Silicon Power is best known for its reasonably-priced storage devices as well as various accessories for PCs and smartphones. But in an attempt to grow further, the company recently decided to enter the market for gaming PC components. Last year the company unveiled its first enthusiast-class memory modules, and this year it is unleashing its RGB-adorned XPower Turbine RGB family of DIMMs and SSDs for gamers.

Silicon Power’s XPower Turbine RGB DIMMs come in 16 GB and 32 GB dual-channel kits. Specification wise, these modules use 10-layer PCBs and offer the same speed bins, latency, and voltage settings as the original XPower DIMMs launched last October: DDR4-2666 CL16, DDR4-3200 CL16, DDR4-3600 CL19, and DDR4-4133 CL19 at up to 1.4 V. As the brand name suggests, the key difference between the new modules and their predecessors are addressable RGB LEDs, which can be controlled using software from the major motherboard makers (ASUS, ASRock, GIGABYTE, MSI).

The XPower Turbine RGB DIMMs look rather impressive in person, but I wish Silicon Power offered higher speed bins with its RGB-enabled memory just to provide further differentiation with the regular XPower-branded memory as these are premium products after all.

Another product in the XPower Turbine family is the XPower Turbine P34A80 RGB SSD. These drive family is based on Phison’s PS5012-E12 controller and offers sequential read speeds up to 3.2 GB/s as well as write speeds up to 3 GB/s. The product is based on one of Phison’s turnkey designs, but featuring Silicon Power’s PCB with RGB LEDs. At this point the drives are still in development, so its final look will most probably differ from what the supplier demonstrated at Computex.

Silicon Power's DIMMs and SSDs for Gamers and Enthusiasts
  Capacity Performance Features
XPower AirCool Memory 16 GB dual-channel
32 GB dual-channel
DDR4-2666 CL16
DDR4-3200 CL16
DDR4-3600 CL19
DDR4-4133 CL19
Air Cooling
XPower Turbine Memory Aluminum heatspreader
XPower Turbine RGB Memory Aluminum heatspreader with RGB LEDs
XPower Turbine PA34A80 RGB SSD 256 GB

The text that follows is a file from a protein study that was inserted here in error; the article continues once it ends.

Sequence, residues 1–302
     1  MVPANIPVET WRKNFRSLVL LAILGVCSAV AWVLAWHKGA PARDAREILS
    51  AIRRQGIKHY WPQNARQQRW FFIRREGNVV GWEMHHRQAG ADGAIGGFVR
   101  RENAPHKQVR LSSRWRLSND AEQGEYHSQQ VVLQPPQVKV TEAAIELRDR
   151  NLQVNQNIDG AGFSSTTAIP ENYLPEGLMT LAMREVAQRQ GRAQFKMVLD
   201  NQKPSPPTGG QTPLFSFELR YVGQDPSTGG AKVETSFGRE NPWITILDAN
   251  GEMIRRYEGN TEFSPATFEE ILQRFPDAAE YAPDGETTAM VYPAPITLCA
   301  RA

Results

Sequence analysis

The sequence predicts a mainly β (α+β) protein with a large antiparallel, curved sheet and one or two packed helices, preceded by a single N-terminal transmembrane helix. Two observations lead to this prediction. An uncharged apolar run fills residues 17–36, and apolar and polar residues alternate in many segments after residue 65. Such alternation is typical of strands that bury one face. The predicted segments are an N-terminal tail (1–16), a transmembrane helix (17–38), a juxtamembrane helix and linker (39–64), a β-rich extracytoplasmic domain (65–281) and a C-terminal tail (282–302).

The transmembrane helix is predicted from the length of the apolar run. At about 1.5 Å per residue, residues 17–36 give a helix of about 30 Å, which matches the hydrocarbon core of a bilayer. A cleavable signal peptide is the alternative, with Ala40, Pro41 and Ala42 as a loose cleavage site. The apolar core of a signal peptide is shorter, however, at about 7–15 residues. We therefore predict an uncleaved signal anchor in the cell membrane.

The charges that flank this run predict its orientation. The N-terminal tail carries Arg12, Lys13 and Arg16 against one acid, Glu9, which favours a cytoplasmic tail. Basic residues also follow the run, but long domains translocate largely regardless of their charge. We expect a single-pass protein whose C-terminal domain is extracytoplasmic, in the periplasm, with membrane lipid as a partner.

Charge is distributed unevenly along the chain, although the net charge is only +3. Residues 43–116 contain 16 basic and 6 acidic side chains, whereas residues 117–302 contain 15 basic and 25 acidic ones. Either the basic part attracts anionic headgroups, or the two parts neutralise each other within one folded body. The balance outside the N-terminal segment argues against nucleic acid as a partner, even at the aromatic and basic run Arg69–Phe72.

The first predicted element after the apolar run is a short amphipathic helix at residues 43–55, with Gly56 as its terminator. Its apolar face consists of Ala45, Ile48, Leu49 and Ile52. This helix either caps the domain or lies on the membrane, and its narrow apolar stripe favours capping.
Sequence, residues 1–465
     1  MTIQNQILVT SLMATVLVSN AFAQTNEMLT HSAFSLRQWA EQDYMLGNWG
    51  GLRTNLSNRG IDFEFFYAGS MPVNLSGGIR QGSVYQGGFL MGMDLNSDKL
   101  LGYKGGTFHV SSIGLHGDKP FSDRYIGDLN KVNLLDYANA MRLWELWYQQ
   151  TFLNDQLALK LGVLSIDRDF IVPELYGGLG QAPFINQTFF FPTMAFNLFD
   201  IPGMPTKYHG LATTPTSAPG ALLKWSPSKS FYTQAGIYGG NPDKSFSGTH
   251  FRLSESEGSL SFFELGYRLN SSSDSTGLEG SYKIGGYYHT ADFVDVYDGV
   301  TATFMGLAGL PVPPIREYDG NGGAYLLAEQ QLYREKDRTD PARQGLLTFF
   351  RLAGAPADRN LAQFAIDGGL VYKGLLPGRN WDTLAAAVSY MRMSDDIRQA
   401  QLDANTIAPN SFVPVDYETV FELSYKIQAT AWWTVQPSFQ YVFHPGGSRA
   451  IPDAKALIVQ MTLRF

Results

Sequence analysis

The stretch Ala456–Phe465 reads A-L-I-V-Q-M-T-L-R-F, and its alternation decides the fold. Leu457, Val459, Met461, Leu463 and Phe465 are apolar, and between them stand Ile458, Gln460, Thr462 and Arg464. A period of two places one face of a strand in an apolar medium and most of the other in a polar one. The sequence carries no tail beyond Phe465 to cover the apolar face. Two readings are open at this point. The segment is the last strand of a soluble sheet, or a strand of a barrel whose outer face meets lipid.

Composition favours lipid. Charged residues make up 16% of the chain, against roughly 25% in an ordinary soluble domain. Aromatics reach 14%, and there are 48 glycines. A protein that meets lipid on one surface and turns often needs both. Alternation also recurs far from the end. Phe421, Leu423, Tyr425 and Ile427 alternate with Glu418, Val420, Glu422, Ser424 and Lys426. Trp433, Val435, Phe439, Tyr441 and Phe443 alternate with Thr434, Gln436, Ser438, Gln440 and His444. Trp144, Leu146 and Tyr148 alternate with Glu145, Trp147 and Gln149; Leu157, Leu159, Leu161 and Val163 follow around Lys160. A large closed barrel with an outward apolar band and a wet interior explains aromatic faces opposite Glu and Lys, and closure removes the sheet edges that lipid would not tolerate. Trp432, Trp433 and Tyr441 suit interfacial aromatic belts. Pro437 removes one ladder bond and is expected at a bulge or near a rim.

512 GB
1 TB
2 TB
Reads: 3.2 GB/s
Writes: 3 GB/s
M.2-2280
PCIe 3.0 x4
NVMe 1.3
Phison PS5012-E12
RGB LEDs
5-year warranty

One thing to point out about the XPower Turbine initiative as a whole is that as the company intends for them to be premium gaming products – meaning they're focusing on performance and quality, but they also aren't going to be sold at cutthroat prices. Instead, it's part of a a step-by-step approach of the company, gradually expanding the lineup and building up the brand.  

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  • Dizoja86 - Tuesday, June 25, 2019 - link

    There are tons of options without RGB. I've never had an issue doing PC builds without RGB. It's really not forced on anyone. Reply
  • brakdoo - Wednesday, June 26, 2019 - link

    Yeah, just look at new cases this year and say that again. You barely have any good new non-RGB / non-windowed / non-meshed cases. Most of those are either super cheap business PC cases (where nobody cares how they look) or super expensive cases. The middle segment is lost to "gamers".

    Even companies like Lian Li or Fractal Design offer less and less non-gaming cases.
    Reply
  • Arbie - Monday, June 24, 2019 - link

    How is RGB bling a "gaming" element? It has nothing whatsoever to do with playing computer games.

    I get that PC enthusiasts can generally be sold anything under the "gaming" label, but Anandtech shouldn't mindlessly buy into it too. Instead, you should be making this same point.
    Reply
  • LordSojar - Tuesday, June 25, 2019 - link

    That's not how colloquialisms work sir. Once they become part of the standard vernacular, it's the standard operating procedure to reference them as a material aspect of a given category or concept.

    "Gaming" refers to a lot of things in society, to various different people. RGB is also just a choice to enable or not. You do understand that it costs them less to manufacture RGB-based tech and add it to their product lines than it costs to split the product lines, etc.

    Do you know what else doesn't have anything to do with playing computer games directly? Ascetics as a whole! See below for other examples:

    1. LED keyboards
    2. Any design or coloration on a case
    3. Any cooling beyond stock/cheapest air
    4. Any case lights
    5. Monitor designs being anything other than a box with light (the panel is all that matters)
    6. Any material other than plastic in a case

    Just because YOU feel like it's not part of gaming and vernacular surrounding it doesn't make that true. Your opinion isn't a fact, nor is it a basis of determining the wants or needs of others. This argument is getting older than RGB on everything. At least RGB can be shut off; unfortunately, people complaining about RGB don't have said off-switch.
    Reply
  • Diji1 - Tuesday, June 25, 2019 - link

    Thank you Captain Obvious. Reply
  • Arbie - Tuesday, June 25, 2019 - link

    Just because YOU feel like it's a part of gaming and vernacular surrounding it doesn't make that true.

    And your reading comprehension could be improved. I didn't complain about the RGB being present. I complained about marketing that aspect of the product as an adjunct to gaming. I game pretty steadily without the slightest concern about how my PC case appears. And, as a computer gamer, I'm offended by the inference that because of that I will automatically value bling. You, apparently, don't mind being packaged, talked down to, and sold. But I think we need to draw the line somewhere. Hence the complaint.
    Reply
  • PeachNCream - Wednesday, June 26, 2019 - link

    Hmm, those look like stupid products. Reply

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